Restructuring home care in the 1990s: Geographical differentiation in Ontario, Canada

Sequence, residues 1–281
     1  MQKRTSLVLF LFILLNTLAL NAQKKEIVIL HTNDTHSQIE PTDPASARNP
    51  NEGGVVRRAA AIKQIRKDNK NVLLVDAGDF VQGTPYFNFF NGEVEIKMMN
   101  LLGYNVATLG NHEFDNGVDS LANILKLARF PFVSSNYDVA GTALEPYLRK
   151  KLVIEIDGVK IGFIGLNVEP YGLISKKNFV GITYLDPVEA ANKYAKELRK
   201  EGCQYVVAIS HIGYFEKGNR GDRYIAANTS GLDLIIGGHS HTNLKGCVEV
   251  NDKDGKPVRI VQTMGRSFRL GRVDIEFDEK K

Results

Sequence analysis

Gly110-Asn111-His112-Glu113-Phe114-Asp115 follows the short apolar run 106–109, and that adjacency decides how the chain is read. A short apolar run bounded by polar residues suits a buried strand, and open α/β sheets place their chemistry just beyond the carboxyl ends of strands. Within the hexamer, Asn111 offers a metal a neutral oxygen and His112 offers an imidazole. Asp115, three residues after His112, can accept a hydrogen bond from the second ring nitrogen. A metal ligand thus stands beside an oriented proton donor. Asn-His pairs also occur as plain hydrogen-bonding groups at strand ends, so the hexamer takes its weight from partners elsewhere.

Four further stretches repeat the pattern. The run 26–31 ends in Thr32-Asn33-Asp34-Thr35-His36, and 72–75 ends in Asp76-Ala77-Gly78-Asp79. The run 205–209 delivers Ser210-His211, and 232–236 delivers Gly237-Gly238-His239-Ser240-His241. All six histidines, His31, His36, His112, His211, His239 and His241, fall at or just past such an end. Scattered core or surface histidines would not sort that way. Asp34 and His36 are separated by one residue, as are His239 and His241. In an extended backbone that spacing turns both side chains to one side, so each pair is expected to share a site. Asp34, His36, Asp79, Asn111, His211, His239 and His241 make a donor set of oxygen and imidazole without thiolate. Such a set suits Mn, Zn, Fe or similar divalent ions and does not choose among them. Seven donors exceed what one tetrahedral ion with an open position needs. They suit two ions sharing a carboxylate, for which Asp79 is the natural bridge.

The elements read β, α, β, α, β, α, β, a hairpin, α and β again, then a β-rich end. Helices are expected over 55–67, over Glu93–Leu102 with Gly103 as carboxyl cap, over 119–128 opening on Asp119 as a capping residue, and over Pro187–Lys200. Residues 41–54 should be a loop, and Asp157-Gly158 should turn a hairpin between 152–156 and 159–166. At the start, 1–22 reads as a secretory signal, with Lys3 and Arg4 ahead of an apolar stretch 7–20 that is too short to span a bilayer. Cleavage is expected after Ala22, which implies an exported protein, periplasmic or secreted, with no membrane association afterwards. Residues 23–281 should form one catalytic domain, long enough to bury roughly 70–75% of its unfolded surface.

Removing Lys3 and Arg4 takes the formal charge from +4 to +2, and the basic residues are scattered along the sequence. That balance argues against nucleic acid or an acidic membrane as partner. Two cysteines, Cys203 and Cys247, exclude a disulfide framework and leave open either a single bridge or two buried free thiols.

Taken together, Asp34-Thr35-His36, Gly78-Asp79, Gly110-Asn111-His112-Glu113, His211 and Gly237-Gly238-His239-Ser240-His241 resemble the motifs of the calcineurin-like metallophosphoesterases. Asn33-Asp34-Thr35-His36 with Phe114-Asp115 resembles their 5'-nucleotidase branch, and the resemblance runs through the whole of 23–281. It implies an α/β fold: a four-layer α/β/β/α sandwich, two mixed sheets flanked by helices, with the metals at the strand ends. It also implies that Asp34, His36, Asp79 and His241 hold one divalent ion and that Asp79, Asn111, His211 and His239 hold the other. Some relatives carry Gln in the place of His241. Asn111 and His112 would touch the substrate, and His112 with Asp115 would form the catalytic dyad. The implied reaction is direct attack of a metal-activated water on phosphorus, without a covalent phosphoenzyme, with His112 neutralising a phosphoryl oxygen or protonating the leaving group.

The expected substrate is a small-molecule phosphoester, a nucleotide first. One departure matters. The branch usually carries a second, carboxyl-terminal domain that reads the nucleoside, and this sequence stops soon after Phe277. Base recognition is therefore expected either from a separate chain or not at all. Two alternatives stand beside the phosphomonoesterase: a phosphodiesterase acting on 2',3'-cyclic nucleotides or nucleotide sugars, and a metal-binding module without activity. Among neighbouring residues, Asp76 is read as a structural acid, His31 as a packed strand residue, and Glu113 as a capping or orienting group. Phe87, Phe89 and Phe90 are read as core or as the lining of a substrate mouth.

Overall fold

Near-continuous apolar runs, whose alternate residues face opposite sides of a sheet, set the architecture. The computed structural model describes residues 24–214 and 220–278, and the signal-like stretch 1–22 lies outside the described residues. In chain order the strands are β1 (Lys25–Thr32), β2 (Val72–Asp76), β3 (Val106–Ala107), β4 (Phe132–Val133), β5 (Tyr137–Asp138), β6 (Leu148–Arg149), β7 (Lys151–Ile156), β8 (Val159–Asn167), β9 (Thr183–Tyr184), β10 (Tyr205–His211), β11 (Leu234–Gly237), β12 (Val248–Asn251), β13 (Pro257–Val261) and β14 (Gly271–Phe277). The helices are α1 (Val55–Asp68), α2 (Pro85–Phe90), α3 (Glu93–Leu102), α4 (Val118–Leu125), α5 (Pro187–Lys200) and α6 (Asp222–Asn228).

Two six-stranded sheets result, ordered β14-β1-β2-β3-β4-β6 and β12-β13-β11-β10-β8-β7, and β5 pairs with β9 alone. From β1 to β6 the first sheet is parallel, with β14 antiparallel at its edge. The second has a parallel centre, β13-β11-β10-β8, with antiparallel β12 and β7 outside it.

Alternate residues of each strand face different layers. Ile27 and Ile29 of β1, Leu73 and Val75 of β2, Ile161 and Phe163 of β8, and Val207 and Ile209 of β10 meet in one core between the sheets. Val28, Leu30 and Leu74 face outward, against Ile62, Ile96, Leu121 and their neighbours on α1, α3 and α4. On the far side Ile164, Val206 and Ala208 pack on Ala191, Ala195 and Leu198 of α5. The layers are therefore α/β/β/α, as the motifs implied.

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Through exploring the geographically differentiated effects of restructuring on the work of home care practitioners, labor process change is found to be spatially specific. It is through examining the spatiallity of labor process change that the differential impacts of health care restructuring on human health care resources can be determined. This has implications for human health care resource availability and service provision, which is particularly an issue for medically under-serviced regions. The restructuring approach, together with regulation theory, is used in this paper as tools for exploring the effects of health care reform on the local labor process. Both quantitative and qualitative data collected from home care practitioners in Ontario (Canada) show that the general trends in labor process change (work transfer down the home care hierarchy, increased time constraints, and enhanced job stress) are being similarly experienced, while shedding light on specific local differences. Findings show two working life factors to be differently experienced across the size of the place in which practitioners live and work. Two representative localities provide a closer examination of local differences in labor process change via the examination of local service cultures, local institutional practices, and local practitioner advocacy. The two sites are Sault Ste. Marie, located in northern Ontario's medically under-serviced northern health region, and Guelph, found in the province's well-serviced southern region.
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